Guanxi runs much, much deeper than a corporate “I’ll scratch your back, you scratch mine” arrangement. Say, for example, you need a plane ticket to Shenzhen—fast. You dash up to the counter and ask to buy a ticket. “I’m sorry,” the ticket guy says, “the plane is full.” Glumly, you slide over to contemplate your options, when someone walks up and buys a ticket on the very flight you wanted. What’s going on? Well, it turns out the guy who just aced you out of a ticket is a close friend of the counter guy, and he was saving the seat for his buddy. See, you don’t have guanxi to the guy behind the counter; he doesn’t care if you get on the flight or not. It doesn’t matter if you offered him twice the seat price (because he’d lose face to his friend). You’re missing your meeting in Shenzhen …
Knowing that the above situation would make me apoplectic—and figuring, therefore, that there was, in fact, a major cultural difference—I asked the writer whether the jilted Chinese in the waiting room would be cool with this behavior. “Oh, they’d be pissed,” he said, “but they’d understand it. … Life in China cannot be made completely fair because this kind of favoritism isn’t really considered bad. It’s not corruption. It’s guanxi. It’s the social lubricant. It’s Confucian, in a sense. … This, by the way, is the reason why Communist Party campaigns to stamp out corruption always fail. What you see as ‘corruption’ is guanxi.”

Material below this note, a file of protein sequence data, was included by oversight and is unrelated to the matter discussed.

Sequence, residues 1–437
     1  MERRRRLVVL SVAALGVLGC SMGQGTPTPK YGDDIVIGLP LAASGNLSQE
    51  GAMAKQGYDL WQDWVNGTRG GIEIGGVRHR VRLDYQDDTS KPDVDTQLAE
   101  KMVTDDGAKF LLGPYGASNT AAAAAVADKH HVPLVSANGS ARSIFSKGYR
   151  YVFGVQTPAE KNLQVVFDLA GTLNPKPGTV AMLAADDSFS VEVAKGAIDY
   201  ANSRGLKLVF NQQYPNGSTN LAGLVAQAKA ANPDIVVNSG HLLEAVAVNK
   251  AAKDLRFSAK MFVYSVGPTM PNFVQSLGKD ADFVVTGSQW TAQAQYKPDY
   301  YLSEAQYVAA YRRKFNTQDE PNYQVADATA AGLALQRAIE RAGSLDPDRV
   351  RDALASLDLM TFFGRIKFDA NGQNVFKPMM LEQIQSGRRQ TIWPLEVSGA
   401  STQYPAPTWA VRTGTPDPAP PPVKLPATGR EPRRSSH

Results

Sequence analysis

Which brings us to a final area of reader feedback: corruption. Several readers complimented me for seeing parallels between Chinese and American business culture rather than differences (face-saving, guanxi, etc.). One topic about which readers usually disagreed with the parallels, however, was corruption. Donating to politicians and doing mutual-back-scratching business deals, readers said, was fundamentally different than paying bribes. In one sense, I agree: Political donations are not usually (explicitly) tied to tit-for-tat service, and mutual back-scratching in business is par for the course. Cash bribes, on the other hand, are secret and, in some cases, extortionist—and, in this country, they are viewed as sleazy or criminal. What I wonder, though, is whether this is again largely a question of cultural perspective (I know which system I’d rather do business in, but maybe that’s because I was born and raised in it). In America, political donations, back-scratching, connections, taxes, municipal fees, etc., are often seen as a cost of doing business. In China, it seems, the same can be said about actual tit-for-tat bribes (which doesn’t mean people are happy about them—who’s happy about paying taxes?). This will be an interesting topic to explore when I finally get to China.